University releases draft sexual misconduct policy
A draft of updates to the University’s Student Sexual Misconduct Policy released Thursday proposes revised investigation procedures that would allow students to appeal investigation findings to an external party.
Currently, appeals of an investigation finding are reviewed by the same board that handles appeals of sanction.
The release of the draft comes in advance of a series of roundtables aimed at gathering student feedback on potential changes to the policy.
University President Mark Schlissel said in September that an updated policy would be released “before the new year.”
“The External Reviewer will be a neutral party outside of the University, usually an attorney, with knowledge of sexual misconduct cases, as well as the University’s policies and procedures,” the draft policy reads. “The External Reviewer must also be impartial and free from bias or conflict of interest.”
The University would also move to identify all witnesses by name in investigative reports.
Additionally, a resolution officer — who previously resolved appeals to sanctions or resolutions handed down by the resolution coordinator — will no longer be involved in the process. An appeals board composed of one student appointed by Central Student Government and at least two faculty members, including one from the Law School, would make those determinations.
The policy would also explicitly state the instances when the sexual history of either party would be used in the investigation.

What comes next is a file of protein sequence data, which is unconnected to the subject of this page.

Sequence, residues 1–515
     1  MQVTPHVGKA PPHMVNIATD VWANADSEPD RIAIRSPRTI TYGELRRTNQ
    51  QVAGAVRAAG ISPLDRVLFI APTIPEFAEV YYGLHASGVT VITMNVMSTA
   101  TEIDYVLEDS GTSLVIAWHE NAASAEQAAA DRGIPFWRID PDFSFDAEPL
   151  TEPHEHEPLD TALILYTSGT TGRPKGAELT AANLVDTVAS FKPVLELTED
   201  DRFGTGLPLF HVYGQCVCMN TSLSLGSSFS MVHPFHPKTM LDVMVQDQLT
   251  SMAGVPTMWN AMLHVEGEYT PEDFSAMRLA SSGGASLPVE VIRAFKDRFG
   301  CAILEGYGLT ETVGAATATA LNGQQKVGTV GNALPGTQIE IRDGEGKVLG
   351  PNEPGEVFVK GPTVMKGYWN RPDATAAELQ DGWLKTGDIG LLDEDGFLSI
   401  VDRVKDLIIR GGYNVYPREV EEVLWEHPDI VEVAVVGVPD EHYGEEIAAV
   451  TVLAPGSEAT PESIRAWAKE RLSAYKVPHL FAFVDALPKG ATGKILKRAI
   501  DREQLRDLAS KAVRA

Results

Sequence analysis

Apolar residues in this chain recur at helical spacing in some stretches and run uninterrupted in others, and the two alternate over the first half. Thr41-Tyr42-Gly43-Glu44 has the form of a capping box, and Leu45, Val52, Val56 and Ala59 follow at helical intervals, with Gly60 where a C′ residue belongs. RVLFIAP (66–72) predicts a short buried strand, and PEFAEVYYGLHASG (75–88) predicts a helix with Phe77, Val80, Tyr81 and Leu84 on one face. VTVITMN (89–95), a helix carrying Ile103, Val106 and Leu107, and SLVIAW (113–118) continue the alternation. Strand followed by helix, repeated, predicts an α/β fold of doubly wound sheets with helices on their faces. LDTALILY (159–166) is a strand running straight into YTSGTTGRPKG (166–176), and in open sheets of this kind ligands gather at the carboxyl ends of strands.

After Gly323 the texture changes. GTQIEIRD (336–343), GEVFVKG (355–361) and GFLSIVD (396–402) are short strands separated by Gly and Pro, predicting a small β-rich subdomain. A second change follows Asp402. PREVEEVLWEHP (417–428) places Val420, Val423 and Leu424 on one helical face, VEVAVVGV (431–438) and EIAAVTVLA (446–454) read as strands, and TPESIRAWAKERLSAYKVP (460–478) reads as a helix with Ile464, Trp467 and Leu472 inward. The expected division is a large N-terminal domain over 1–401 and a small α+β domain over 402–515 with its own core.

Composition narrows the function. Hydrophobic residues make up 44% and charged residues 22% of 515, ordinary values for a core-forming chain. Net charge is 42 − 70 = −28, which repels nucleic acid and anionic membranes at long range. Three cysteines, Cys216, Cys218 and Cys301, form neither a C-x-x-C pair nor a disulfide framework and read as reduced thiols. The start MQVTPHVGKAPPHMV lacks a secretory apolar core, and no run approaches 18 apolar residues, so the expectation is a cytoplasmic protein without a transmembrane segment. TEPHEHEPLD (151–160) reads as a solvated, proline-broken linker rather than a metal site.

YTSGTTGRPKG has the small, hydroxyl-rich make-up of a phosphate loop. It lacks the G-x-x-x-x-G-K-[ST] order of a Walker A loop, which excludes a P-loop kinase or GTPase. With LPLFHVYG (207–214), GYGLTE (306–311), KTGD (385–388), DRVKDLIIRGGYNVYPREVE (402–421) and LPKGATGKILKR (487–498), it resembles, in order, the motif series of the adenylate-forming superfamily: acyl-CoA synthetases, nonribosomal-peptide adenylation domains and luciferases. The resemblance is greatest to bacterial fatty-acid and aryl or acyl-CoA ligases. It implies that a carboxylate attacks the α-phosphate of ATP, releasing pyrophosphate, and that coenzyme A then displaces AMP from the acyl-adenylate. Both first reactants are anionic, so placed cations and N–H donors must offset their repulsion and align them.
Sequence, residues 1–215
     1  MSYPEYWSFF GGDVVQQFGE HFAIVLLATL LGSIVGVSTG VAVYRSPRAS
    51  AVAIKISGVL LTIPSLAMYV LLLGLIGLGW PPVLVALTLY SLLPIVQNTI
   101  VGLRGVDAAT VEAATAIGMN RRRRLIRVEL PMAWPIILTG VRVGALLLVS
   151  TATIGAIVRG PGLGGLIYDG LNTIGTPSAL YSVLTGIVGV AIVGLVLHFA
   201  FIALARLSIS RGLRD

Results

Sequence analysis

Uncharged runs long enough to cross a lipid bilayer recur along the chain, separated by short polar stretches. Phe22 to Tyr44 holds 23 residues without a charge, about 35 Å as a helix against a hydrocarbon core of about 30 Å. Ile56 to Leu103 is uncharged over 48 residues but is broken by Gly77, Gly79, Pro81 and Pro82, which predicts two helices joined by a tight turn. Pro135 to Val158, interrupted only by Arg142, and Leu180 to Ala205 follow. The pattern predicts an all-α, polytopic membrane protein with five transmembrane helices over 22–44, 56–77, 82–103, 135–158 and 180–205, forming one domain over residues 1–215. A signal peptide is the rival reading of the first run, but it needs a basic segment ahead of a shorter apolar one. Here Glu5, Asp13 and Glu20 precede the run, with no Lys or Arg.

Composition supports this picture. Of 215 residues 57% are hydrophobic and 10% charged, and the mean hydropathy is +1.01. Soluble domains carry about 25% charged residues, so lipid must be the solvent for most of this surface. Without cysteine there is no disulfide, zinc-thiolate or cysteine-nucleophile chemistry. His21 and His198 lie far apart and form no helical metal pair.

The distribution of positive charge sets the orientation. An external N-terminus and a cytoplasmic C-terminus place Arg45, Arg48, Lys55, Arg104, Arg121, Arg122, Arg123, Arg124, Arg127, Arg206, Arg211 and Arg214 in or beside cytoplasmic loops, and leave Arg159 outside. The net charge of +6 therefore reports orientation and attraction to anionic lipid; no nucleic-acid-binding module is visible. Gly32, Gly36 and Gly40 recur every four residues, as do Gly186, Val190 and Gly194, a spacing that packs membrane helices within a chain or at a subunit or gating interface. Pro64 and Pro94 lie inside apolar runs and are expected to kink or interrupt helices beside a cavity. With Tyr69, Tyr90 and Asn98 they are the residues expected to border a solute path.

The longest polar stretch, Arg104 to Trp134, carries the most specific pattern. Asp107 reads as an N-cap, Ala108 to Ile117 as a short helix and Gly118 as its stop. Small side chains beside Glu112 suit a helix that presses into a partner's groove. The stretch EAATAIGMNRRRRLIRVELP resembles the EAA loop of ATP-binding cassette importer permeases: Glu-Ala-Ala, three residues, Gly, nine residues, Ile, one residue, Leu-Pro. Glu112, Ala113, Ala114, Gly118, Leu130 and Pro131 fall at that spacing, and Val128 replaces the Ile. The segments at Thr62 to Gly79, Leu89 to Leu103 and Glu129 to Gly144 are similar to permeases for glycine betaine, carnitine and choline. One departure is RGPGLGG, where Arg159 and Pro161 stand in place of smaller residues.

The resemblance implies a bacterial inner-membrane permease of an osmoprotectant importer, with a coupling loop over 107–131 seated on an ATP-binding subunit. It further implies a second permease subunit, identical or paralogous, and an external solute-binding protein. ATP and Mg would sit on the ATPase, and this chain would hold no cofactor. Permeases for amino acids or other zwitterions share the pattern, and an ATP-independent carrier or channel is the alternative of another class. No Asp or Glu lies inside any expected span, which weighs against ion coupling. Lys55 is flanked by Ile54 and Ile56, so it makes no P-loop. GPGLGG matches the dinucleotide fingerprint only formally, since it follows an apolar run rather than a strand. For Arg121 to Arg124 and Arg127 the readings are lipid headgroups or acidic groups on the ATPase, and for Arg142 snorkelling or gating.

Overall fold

The draft version also includes a section dedicated to detailing the policy’s definition of consent. The core of the definition — “Consent is a clear and unambiguous agreement, expressed outwardly through mutually understandable words or actions, to engage in a particular activity” — remains unchanged.
However, the drafted policy outlines several clarifying bullets, including the idea that “Consent is not to be inferred from silence, passivity, or a lack of resistance, and relying on non-verbal communication alone may not be sufficient to ascertain Consent.”
In April, a Michigan Daily report pointed to a discrepancy between the definition of consent taught by the Sexual Assault Prevention and Awareness Center — which promotes consent as requiring verbal agreement — and the official policy, which does not.
E. Royster Harper, vice president for student life, sent an e-mail to the student body on Oct. 1 advertising the roundtables, and also promoted a digital feedback survey for those who cannot attend in person.
In February 2014, the U.S. Department of Education announced it would investigate the University’s handling of sexual misconduct reports. That investigation is ongoing.
In a September interview with the Daily, Schlissel said he hoped to unveil updates to the sexual misconduct policy before the new year.
“The goal of making change is to have the process be as fair as possible to the complainant and the respondent to help us arrive at a decision which is the right one,” Schlissel said.
Last January, Schlissel announced a survey to gauge campus climate on sexual assault. According to the survey results, 11 percent of University students reported experiencing nonconsensual sexual behavior over the course of the 2014-2015 academic year.
“As a university president, a physician-scientist, an educator and a father, the issue of sexual misconduct keeps me awake at night,” Schlissel said when the survey results were released in July. “I feel personally responsible for the safety and well-being of all students at the University of Michigan.”